The word I would use to describe the place is purgatorial. There is a constant silence around the centre, which is to encourage stillness and peacefulness. You are encouraged to talk as much as you feel able to, and you can spend your time reading, sleeping, cooking, or talking things through. I decided to make the most of the experience, knowing I wouldn’t have this opportunity myself, and for the first time confronted myself through talking through my darkest fears, my deepest regrets and nightmares. It was knackering. For the first time in a long time, I slept straight through the night, and I began bit by bit to be able to eat again.

 

The days were heavy, hard-going, and otherworldly – returning to the outside world was something that I feared more than anything. But as time does, inexorably, it continued, and I found myself checking out. As I walked back through Finsbury Park in the hazy morning sunshine, I didn’t feel miraculously better or even just happy, but I did feel as if the very worst had gone. I wasn’t ready to throw myself into life again, but I was determined to leave the pills alone. And, as one of the happy consequences of handing my phone in to the centre’s reception, I had at least stopped hunting for meaning in life through a search engine.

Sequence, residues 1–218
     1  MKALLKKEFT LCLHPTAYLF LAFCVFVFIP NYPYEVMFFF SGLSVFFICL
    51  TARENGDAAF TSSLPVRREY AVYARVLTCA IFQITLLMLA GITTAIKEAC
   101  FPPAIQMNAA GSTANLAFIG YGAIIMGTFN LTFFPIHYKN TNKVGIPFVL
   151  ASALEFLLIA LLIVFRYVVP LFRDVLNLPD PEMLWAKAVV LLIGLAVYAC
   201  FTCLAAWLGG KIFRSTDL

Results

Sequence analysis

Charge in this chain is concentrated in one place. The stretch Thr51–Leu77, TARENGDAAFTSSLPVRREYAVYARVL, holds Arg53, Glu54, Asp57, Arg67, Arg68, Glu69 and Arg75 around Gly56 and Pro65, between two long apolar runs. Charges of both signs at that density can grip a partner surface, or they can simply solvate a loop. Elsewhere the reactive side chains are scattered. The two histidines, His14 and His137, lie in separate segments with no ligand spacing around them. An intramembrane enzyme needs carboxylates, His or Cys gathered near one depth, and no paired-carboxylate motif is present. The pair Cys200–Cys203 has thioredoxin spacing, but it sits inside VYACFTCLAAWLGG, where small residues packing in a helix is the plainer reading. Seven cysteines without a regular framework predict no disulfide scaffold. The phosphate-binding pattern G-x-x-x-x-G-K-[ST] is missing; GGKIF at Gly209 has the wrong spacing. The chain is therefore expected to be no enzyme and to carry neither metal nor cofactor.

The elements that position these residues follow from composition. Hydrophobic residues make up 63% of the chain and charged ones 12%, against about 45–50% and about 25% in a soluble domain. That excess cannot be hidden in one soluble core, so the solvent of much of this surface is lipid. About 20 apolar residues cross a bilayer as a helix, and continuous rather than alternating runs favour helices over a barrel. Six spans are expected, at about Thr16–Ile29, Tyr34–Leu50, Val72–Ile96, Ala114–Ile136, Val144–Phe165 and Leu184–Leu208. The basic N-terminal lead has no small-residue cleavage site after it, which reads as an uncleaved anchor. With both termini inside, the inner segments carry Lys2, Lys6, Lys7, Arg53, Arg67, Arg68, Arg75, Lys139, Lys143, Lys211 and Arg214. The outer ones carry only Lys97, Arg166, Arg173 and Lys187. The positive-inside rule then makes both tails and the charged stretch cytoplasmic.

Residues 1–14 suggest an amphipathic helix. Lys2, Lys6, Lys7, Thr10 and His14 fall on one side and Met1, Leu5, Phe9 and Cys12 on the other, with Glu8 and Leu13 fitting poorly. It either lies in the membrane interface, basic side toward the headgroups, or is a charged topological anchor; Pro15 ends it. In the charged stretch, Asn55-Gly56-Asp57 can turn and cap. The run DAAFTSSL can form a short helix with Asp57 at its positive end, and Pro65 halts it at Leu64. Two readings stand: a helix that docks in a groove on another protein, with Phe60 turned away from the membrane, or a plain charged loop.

At this point, I had a choice – and the only thing I really knew I wanted was not to lose my independence, that I’d worked so hard for. I’d lost a relationship, and didn’t know where I wanted to head next, but I was determined to get into work, which I managed. The next days were some of the hardest I’ve ever faced. One of the awful things about the way depression affected me was that it completely eviscerated my ability to concentrate – which, when you’re doing journalistic stories that could result in a lawsuit, is quite a handicap. But the choice to go to work that week was the difference between recovery and regression. Depression affects us all in different ways, but it seems a good antidote to the way I felt it was to be busy – so long as there was something to do, I was able to keep going.

 

About a week after I left the Maytree, I received a letter from one of the volunteers I’d bonded with there. It remains the most succinct and accurate description of my personality I’ve ever read – and I broke down reading it. I’d rather not share the contents here, but what I would like to share is the power of having someone who barely knows you care about you. If you’ve never seen V for Vendetta, there’s a moment where the main character receives a letter in a prison, which concludes with the sentence, “even though I have never met you, I love you.” This is the best way I can think to describe how it felt.